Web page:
It seems every couple of weeks there’s a new story about Singapore trying to put itself on the tech map, whether in the private or public sector, with startup programs or recruitment drives from the government. In the next move for the small city-state, investment firm Marvelstone is opening a new “fintech hub” in the city to foster innovations in this space.
It claims that it will be the largest of its kind in the world. Dubbed Lattice80, the 30,000 square foot facility will be located in the hustle and bustle of the city’s downtown central business district. The investment group says that the initiative will be not-for-profit but did not respond to queries regarding investments in the start-ups that participate.
The hub fits into the Singaporean government’s Smart Nation initiative, a bold program for connecting all aspects of the city and its citizens through technology. It’s also unclear how much involvement and funding from the state there is in Lattice80.
Marvelstone says that it has been in discussions with the Monetary Authority of Singapore (MAS) and will collaborate with similar programs from other continents including Level 39 from London and The Floor from Israel.
MAS has launched the Smart Financial Centre, a US$225 million scheme to support fintech development. Marvelstone explains that Singapore is well-placed to be a centrepiece for fintech in Asia thanks to this sort of welcoming regulatory environment, the country’s close proximity to investor networks, and general enthusiasm from policymakers towards technology.
And there’s been recent evidence of this. PayPal launched a fintech innovation lab in Singapore this summer (its first outside the US) and it has very similar goals to Lattice80 to support fintech start-ups in Singapore and around Asia. PayPal is also working with the National University of Singapore (NUS), which happens to be one of the cornerstone bodies involved in Smart Nation. This will make the competition to secure hungry entrepreneurs with good ideas even tougher.
Despite all its efforts, Singapore has yet to produce a world-beater company. It has some success stories of course, like Grab (founded by Malaysian Anthony Tan but based in Singapore) and it has become true competition for Uber in South East Asia. It’s also partnering with self-driving start-up Nutonomy, which already has cars in advanced testing stages on the road.
But on the fintech scene, things are little quieter. “Funding is more of a challenge for fintech companies,” explains Tanmai Sharma, CEO of Mesitis, a platform for managing private wealth, there is still interest from investors in the space but it lacks the sort of proven method that other sectors have.
“I suspect funding will become much easier once fintech has its own ‘poster child’, if I can use that word.”
Fintech companies in Singapore are still raising founding rounds though, and without the aid of government backing, such as Fastacash. This social payments start-up has raised over $23 million in venture funding to date, mostly from local firms, and this year it partnered with Hungarian payments company Cellum to facilitate a greater push across Asia and into Europe and North America for both sides. The start-up remains headquartered in Singapore but said it will be opening sister offices globally.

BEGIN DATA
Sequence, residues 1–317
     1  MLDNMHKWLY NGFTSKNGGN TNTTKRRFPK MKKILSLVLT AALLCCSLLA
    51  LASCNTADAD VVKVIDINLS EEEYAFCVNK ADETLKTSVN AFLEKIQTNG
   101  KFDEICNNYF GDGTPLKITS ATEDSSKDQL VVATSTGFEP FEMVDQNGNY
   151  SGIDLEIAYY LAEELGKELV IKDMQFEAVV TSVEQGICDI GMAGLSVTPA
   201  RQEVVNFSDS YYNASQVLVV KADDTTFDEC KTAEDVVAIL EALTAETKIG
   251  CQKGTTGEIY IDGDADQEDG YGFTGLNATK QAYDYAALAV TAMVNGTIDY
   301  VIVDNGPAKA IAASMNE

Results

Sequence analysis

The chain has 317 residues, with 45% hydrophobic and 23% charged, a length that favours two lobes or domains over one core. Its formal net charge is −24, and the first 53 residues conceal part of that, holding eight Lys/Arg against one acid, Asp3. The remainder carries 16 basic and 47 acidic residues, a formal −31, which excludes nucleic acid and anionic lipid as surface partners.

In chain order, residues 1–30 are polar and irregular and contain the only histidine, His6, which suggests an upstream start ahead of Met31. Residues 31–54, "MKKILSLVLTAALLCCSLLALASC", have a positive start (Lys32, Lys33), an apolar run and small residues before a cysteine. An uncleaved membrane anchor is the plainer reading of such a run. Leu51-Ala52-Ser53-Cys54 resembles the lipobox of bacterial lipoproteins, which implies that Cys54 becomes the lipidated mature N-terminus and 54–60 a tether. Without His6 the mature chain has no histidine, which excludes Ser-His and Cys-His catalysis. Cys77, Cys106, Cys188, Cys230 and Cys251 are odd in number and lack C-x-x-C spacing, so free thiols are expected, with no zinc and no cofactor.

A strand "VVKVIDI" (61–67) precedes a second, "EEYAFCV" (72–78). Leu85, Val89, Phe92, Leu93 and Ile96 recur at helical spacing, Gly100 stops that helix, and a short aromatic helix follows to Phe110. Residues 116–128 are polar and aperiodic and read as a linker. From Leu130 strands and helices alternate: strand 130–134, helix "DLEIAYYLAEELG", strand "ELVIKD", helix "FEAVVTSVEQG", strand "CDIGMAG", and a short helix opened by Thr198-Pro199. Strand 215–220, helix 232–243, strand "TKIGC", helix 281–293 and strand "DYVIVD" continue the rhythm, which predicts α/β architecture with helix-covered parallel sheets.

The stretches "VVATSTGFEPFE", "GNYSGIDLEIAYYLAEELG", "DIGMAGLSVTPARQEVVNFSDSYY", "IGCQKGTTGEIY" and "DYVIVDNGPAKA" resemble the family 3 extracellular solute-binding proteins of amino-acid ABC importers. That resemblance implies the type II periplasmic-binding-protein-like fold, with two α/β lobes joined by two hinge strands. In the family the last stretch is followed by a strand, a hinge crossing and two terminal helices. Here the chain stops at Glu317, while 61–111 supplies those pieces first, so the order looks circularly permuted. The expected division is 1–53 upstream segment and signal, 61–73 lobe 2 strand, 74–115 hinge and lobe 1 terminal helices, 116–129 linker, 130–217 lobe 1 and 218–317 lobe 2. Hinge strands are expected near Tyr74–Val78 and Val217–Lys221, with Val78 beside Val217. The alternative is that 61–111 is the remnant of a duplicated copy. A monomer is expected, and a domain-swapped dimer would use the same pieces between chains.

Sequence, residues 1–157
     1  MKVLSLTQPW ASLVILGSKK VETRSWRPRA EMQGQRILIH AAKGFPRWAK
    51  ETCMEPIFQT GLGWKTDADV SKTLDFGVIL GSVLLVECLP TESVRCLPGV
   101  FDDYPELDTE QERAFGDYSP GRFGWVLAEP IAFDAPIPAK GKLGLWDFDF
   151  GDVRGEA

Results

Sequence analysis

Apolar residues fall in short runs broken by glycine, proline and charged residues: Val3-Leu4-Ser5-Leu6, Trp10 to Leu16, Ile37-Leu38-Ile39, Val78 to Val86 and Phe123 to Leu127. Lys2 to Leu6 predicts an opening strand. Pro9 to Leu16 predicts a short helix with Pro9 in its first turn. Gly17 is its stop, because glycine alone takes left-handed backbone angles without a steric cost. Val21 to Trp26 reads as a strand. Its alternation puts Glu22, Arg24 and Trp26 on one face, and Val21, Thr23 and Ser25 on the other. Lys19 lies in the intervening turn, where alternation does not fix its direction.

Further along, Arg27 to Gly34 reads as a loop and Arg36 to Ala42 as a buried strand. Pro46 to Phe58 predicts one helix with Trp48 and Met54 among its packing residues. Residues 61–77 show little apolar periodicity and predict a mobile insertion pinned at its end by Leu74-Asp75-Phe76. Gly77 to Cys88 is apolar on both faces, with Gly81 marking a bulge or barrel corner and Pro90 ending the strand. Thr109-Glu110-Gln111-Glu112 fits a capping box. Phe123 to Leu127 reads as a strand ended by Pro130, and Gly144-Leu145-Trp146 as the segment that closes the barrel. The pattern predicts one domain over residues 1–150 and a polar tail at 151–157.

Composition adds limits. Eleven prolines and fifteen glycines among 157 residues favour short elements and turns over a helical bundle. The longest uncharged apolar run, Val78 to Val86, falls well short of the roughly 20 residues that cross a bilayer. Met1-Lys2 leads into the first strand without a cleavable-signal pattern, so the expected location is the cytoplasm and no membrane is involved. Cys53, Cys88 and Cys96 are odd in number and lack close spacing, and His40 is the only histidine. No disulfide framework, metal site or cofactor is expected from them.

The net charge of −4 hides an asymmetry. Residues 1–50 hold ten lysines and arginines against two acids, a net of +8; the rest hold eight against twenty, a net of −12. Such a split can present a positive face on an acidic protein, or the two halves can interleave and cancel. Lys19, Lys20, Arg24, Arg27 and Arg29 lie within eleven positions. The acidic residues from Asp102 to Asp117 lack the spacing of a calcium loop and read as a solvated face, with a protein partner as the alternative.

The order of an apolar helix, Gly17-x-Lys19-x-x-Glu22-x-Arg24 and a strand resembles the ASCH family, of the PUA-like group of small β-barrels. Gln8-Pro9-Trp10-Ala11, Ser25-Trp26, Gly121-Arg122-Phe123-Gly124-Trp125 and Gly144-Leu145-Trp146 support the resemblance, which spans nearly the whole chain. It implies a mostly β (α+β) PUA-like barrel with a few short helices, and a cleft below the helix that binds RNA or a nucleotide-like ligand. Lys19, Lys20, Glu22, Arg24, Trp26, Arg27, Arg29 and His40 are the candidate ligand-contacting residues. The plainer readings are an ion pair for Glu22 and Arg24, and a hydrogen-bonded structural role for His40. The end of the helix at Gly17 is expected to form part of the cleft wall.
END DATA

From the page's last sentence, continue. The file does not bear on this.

HedgeSPA, a predictive analytics platform for hedge funds, made the decision to open a California office to get closer to the US market but it remains headquartered in Singapore. Then you have companies like ShereIt that have not raised any significant rounds yet but are trying to find their footing.
Singapore provides a potent mix of market, infrastructure, people, and investors, according to Sharma with high internet speeds and good quality of life.
“It is also relatively easy to hire people in Singapore, especially those with some banking background,” he says.
“The only missing piece is developers for which our solution is to hire them offshore and let them work from wherever they are, all our staff except the developers are Singapore based.”
Singapore, like many regions, has suffered from a skills shortage in certain disciplines and has attempted to address it by luring more foreign skilled workers into the city.
The MAS has looked far beyond its borders for help and collaboration too. In September it signed an agreement with its equivalent in Switzerland as a means to share regulatory data and fintech market trends.
In November, Singapore will host the Singapore Fintech Festival, a conference espousing the growing industry and will connect start-ups with investors. The US Commercial Service, a government agency that helps companies export, is planning to send a delegation of start-ups to the event to build bridges with the local ecosystem.
Singapore seems to be slightly ahead of the curve but it isn’t alone in trying to prepare the ground for fintech. Hong Kong fancies itself as another potential hub for the burgeoning industry with attractive regulations as well as Accenture’s own fintech program, which has seen some Singaporeans jump ship, while further afield London and Australia are trying to become go-to fintech destinations. Singapore is on to something but it’s still got a ways to go.